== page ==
Repair companies with paid listings on 4RoadService can upload their company logo, a banner, and some photos.  Since they don’t change at the same time as we make changes to the 4RoadService.com code they need their own versioning scheme. In our old system new versions of images didn’t get new URLs, so we changed that so whenever a new image is uploaded it gets a unique URL, and set far-future expiry headers on those as well.

Optimize the Critical Rendering Path

The Critical Rendering Path is the work the web browser does to render a web page, and it turns out we can tweak our web pages to make it happen quickly, but the “normal” way of building websites is pretty slow.

Async all the JS

When we built the current version of 4RoadService back in 2015 we made most of our Javascript asynchronous, but there’s one stats package that we just copied & pasted the code for. It turned out it was loading slowly and blocking rendering. Adding an
asyncattribute to the script tag cleared that up and shaved 200ms off the time it took to reach the DOMContentLoaded event.

HTTP/2 Server Push things that block rendering, (hint: it’s styles)

The next biggest blocker to our CRP being speedy was our main CSS file. Even with HTTP/2’s multiplexing, there was still a period of time between when we started sending the HTML and when the browser requested the CSS file. HTTP/2 Server Push to the rescue!

HTTP/2 Server Push is fantastically simple to set up. If the web server supports it all that’s needed is adding a HTTP response header and the web server handles the rest for you. While it helped our rendering time, the difference wasn’t as dramatic as we had hoped, but it was an incremental improvement of 50-100ms.

We also tried HTTP/2 Server Pushing our main Javascript file, but since it was already loading asynchronously it didn’t help, and possibly harmed, the load speed.

Status Check

Everything discussed up to this point improved the DOMContentLoaded event, and Lighthouse‘s First Meaningful Paint, First Interactive, and Consistently Interactive values but about a second. Depending on the page that’s loading that’s  a 15% to 33% improvement. Not bad!

What Remains

Once the browser starts receiving the web page the first several steps now progress very quickly. Most room for improvement still exists at both ends of the page load: our time-to-first-byte could be improved, (it’s just under 1/2 second), and on some pages there are large images that take a while to finish loading, (this is especially true on very large screens). To tackle these problems we can make our resized-on-the-fly images, (user-uploaded images), cacheable, and WebP-able, by Cloudflare, optimize our source images better, and speed up our server code. Because of the deadline on the Smashing Magazine challenge we focused on the first two.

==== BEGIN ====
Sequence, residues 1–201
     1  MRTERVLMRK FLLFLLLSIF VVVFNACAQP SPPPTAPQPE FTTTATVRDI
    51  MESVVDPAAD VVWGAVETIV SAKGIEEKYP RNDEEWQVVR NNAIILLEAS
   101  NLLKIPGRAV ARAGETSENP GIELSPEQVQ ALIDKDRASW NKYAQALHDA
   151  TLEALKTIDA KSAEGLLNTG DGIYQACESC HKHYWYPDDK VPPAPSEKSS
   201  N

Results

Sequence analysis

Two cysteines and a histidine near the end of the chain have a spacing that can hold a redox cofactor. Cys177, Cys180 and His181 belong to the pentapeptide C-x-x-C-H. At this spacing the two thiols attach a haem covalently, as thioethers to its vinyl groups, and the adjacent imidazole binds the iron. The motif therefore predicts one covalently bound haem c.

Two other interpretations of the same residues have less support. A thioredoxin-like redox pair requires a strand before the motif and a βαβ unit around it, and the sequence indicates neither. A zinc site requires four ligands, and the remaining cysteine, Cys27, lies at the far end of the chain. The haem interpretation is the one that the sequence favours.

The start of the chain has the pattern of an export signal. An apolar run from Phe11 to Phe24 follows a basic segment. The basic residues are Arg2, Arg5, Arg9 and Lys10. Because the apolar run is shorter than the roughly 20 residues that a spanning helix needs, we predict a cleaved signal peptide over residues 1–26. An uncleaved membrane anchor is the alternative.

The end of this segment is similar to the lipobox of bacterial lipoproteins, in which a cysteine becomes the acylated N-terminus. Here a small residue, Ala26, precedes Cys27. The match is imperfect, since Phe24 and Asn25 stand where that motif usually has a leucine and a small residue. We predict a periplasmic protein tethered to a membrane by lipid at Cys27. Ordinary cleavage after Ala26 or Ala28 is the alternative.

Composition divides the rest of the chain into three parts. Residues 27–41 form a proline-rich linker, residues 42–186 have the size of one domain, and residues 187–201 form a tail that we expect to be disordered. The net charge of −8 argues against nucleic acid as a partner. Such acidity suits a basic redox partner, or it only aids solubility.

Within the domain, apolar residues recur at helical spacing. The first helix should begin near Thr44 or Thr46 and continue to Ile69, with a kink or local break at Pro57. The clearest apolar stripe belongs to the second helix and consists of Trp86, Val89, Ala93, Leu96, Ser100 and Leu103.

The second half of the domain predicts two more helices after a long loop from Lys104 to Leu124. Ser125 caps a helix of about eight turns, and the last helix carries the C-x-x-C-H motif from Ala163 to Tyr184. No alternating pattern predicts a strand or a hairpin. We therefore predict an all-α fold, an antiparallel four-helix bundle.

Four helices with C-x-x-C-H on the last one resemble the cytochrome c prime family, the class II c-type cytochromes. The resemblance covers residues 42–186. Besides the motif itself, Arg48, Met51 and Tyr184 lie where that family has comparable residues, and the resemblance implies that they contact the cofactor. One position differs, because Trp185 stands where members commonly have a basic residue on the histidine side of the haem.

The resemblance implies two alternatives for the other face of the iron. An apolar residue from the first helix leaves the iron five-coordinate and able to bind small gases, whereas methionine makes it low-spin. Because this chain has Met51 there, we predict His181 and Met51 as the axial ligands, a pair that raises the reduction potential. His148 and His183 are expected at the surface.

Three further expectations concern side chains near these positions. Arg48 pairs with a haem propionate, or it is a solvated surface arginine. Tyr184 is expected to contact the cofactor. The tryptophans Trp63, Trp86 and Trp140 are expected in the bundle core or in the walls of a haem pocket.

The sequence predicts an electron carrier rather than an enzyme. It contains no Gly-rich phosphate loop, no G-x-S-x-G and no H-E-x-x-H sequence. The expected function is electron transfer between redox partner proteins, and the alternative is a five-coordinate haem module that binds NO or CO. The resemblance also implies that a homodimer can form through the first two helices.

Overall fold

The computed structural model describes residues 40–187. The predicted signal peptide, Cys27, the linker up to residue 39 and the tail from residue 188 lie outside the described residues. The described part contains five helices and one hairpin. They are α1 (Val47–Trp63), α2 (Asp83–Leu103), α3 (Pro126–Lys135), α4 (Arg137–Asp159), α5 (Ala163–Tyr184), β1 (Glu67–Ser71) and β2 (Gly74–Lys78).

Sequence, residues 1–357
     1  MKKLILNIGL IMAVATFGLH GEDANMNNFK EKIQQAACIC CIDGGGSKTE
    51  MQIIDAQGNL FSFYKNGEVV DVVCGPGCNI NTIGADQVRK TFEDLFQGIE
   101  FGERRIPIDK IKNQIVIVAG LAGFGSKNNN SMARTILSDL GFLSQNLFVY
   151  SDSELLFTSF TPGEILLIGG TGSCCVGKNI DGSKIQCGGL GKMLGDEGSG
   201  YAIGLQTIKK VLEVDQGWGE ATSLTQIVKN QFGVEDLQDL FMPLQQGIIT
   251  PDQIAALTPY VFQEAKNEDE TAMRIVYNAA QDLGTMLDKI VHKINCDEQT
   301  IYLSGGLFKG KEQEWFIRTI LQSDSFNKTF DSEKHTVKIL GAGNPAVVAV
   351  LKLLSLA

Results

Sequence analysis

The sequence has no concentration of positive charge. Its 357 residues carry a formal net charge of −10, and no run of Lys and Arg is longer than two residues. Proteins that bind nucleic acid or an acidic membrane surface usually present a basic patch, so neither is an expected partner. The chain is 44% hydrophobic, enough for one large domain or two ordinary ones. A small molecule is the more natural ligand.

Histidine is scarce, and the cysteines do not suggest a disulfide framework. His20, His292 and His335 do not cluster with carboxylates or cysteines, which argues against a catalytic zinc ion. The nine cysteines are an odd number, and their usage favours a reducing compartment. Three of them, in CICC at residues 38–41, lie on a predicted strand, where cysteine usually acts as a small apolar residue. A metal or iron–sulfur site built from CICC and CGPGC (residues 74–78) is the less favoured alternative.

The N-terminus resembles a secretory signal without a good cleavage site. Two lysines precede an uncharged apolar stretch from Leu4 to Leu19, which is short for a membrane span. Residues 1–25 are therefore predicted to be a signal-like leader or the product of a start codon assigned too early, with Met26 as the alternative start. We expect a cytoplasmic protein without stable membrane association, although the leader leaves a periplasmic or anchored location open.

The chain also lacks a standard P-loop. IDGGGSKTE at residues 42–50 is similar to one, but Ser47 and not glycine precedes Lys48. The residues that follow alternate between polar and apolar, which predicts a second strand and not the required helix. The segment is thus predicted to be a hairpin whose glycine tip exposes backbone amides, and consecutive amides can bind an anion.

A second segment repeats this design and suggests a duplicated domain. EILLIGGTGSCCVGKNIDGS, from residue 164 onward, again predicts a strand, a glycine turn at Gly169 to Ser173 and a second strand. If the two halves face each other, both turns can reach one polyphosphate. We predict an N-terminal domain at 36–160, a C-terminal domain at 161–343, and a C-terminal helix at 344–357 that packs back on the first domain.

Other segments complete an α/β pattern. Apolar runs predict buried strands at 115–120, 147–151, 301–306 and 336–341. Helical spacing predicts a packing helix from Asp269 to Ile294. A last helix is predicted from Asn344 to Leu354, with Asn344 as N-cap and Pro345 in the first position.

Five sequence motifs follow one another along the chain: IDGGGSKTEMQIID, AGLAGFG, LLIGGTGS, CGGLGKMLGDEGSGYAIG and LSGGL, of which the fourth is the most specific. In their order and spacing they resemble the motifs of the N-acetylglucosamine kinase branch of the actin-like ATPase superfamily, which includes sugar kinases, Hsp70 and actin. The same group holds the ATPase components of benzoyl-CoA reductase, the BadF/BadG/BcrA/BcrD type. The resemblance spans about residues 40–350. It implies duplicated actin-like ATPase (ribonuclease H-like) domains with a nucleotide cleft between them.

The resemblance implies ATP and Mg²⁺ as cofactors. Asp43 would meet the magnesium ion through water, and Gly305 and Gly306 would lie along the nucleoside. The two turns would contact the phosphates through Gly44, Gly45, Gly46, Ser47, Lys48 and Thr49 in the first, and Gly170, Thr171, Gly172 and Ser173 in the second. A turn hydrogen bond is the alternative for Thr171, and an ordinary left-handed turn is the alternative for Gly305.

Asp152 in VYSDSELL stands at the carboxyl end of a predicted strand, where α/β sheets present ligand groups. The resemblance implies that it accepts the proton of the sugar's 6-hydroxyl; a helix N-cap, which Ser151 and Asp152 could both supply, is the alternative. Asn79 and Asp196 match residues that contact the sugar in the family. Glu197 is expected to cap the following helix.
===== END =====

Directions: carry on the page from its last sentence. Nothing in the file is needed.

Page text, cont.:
What doesn’t seem worth doing (right now)

Heading into the challenge we thought we would be breaking up our monolithic stylesheet file, and some of our concatenated Javascript, to take advantage of HTTP/2’s parallel downloads, but the stylesheet is relatively fast right now, and the Javascript comes in late, and is relatively fast, so there are bigger gains to be found elsewhere. We feel like there’s about 100ms to be gained here, and will revisit it in the future.

We could also break up our styles by media query and use several <link> tags with different media attributes. When a browser encounters a <link> to a stylesheet with a media query that’s not applicable it doesn’t block rendering for that file, so there may be gains, especially for people on mobile devices, however because the styles are fairly quick, and we would have to make guesses about which CSS files to send with a HTTP/2 Push, we’ll explore this later.

Optimize Those Last Few Images

Remember how we thought using lossy WebP would improve the download size of some images? Cloudinary’s Website Speed Test says that the gains could be big, especially for large PNGs like the orange truck on our homepage. Since the large images were taking 5-7 seconds to finish downloading on a very large screen we went ahead and optimized these in 2 steps.

Step 1: Optimize non-WebP images

Our build process already compresses our images, but we can do better. By tweaking the algorithms used for image optimization, then waiting forever while they run, (ahem, Guetzli), we shrunk the file sizes for everyone who can’t accept WebP images.

Step 2: Lossy WebP, and special URLs

We also added a step to our build process to create lossy WebP versions of every image. The size differences are incredible, for example, for the largest version of the orange truck on our homepage, the unoptimized PNG is 4.2MB, the optimized PNG is 1.1MB, and the WebP is 244KB. If you can use Lossy WebP, do.

These magical WebP images cause a problem, though: Not all browsers understand them. We could solve that by serving a WebP image if the browser sends images/web in its Accept HTTP header, but since CloudFlare caches our images it would cache the WebP version of a file and serve it to non-WebP-capable browsers, so we have to have separate URLs for WebP images, which means some image URLs change if the browser sends an image/webp Accept header. Once that happens both our optimized non-WebP images and our tiny, lossy, WebP images are cached in Cloudflare’s CDN for ultimate image speed.